Elie Wiesel, the Nobel Peace Prize-winning author who told the story of his Holocaust internment in his autobiographical novel “Night,” died July 2, 2016. “When I began to write, it was to tell other survivors to write,” he once said. “All we have is words.”
Elie Wiesel, the Nobel Peace Prize-winning author who told the story of his Holocaust internment in his autobiographical novel “Night,” died July 2, 2016. He was 87.
Born Sept. 30, 1928, to a Jewish family in Transylvania’s Carpathian Mountains, Wiesel was just a boy when World War II began. It was 1944 when the Nazis invaded his hometown of Sighet and placed Wiesel and his family – along with thousands of their neighbors – in ghettos. Within months, the Nazis moved those ghetto residents to the horrific Auschwitz-Birkenau concentration camp.
The events that followed became well-known to the reading public eventually, as Wiesel dramatized them in “Night.” Wiesel and his father were separated from his mother and three sisters. For almost a year, Wiesel and his father suffered the inhuman conditions of three different concentration camps as Wiesel tried to care for his quickly declining father, who died just weeks before the liberation of their final camp, Buchenwald. He was reunited with two of his sisters after the war, but he never saw his third sister or his mother again – they died in their own concentration camp.
Wiesel didn’t spare readers from the sickening details of the Nazis’ treatment of Jews in the concentration camps and on the journeys between them. “Night” offered a stark portrayal of genocide. Amazingly, the deeply unsettling narrative was heavily edited, reduced from Wiesel’s original 862-page manuscript to a taut, terrifying 245 pages, published in 1958 in France and translated into English for U.S. readers in 1960. Wiesel called “Night” his “deposition,” noting that it was a true story, though parts of it were fictionalized.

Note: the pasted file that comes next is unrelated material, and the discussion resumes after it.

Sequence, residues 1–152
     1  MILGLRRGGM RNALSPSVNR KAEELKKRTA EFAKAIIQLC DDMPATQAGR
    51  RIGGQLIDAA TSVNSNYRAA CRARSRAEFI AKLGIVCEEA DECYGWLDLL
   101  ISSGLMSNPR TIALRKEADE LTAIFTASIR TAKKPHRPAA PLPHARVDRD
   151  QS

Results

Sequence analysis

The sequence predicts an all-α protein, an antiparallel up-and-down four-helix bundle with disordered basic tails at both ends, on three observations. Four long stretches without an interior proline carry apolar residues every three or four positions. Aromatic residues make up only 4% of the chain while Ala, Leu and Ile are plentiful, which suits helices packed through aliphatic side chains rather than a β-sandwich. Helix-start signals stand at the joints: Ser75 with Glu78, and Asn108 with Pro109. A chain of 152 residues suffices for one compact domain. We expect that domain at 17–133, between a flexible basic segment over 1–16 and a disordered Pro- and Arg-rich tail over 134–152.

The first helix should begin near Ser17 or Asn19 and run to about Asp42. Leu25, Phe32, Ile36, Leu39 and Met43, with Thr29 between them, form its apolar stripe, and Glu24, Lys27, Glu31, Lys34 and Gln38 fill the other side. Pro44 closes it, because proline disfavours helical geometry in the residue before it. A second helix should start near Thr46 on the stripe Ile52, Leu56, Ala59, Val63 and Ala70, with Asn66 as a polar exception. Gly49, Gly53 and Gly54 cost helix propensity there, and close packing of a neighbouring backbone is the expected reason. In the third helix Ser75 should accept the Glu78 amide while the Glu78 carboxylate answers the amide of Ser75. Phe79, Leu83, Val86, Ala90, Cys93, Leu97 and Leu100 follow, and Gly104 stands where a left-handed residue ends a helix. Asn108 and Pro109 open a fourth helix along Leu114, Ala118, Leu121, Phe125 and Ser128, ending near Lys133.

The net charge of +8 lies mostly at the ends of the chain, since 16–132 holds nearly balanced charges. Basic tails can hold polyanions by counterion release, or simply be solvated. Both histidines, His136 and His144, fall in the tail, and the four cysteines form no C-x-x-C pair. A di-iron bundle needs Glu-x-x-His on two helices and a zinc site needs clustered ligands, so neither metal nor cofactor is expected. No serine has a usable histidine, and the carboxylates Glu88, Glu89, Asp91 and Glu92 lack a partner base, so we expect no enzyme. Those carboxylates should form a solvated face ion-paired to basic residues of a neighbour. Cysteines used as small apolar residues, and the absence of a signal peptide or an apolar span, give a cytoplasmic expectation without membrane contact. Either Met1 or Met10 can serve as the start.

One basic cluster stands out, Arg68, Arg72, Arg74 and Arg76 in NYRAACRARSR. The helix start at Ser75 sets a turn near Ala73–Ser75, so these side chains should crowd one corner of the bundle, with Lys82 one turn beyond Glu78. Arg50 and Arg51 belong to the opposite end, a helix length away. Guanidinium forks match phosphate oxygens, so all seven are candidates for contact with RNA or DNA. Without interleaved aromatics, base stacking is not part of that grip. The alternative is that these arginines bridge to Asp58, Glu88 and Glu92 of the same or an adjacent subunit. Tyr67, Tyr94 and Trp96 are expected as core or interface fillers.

“Night” wasn’t the first Holocaust memoir to reach U.S. shores – Anne Frank’s “The Diary of a Young Girl” had been published eight years earlier. But similarities between the two accounts are few. Wiesel told The New York Times, “Where Anne Frank’s book ends, mine begins.” As a victim of the concentration camps that Wiesel survived, Frank wasn’t able to write about her experiences as Wiesel did. Yet one trait unites the two authors: their essential optimism in the face of horror. Frank famously wrote, “In spite of everything I still believe that people are really good at heart.” As for Wiesel, he told the Atlantic, “I still believe in humanity in spite of man. I still believe in humanity in spite of what humanity has done.”
With his unflinching descriptions of the realities of the Holocaust, Wiesel became a pioneer of a literary genre.
“In the beginning, survivors didn’t speak because people refused to listen,” he told the Atlantic. “When I began to write, it was to tell other survivors to write. All we have is words.” His example did indeed inspire other Holocaust survivors to tell their stories, from Felix Weinberg to Sarah Tuvel Bernstein to Primo Levi.
Though “Night” is Wiesel’s best-known work, it’s one of dozens of his literary works. “Night” was part of a trilogy, followed by “Dawn” and “Day.” “The Trial of God” was another of Wiesel’s works drawn from his Holocaust experience, a play based on an actual event he witnessed while in Auschwitz, as fellow prisoners staged a mock trial of God. Wiesel wrote additional novels including “The Oath” and “The Forgotten,” as well as biographies and other nonfiction, a second play, two cantatas and two children’s books. He wrote two volumes of memoirs: “All Rivers Run to the Sea” and “And the Sea Is Never Full.”
In addition to writing, Wiesel was a professor for many years at institutions including Boston University, City University of New York and Columbia University. He was also a respected speaker and activist who spoke out in support of Israel and condemned apartheid, in addition to lending his support to a wide variety of other human rights issues. He created the Elie Wiesel Foundation for Humanity, with a mission dedicated to “combat indifference, intolerance and injustice through international dialogue and youth-focused programs that promote acceptance, understanding and equality.”
In 1986, Wiesel was awarded the Nobel Peace Prize for his work against violence, repression and racism. It was one of a great number of honors he received, including the Presidential Medal of Freedom, grand officer in the French Legion of Honor and an honorary knighthood in the United Kingdom. He is survived by his wife, Marion Wiesel.
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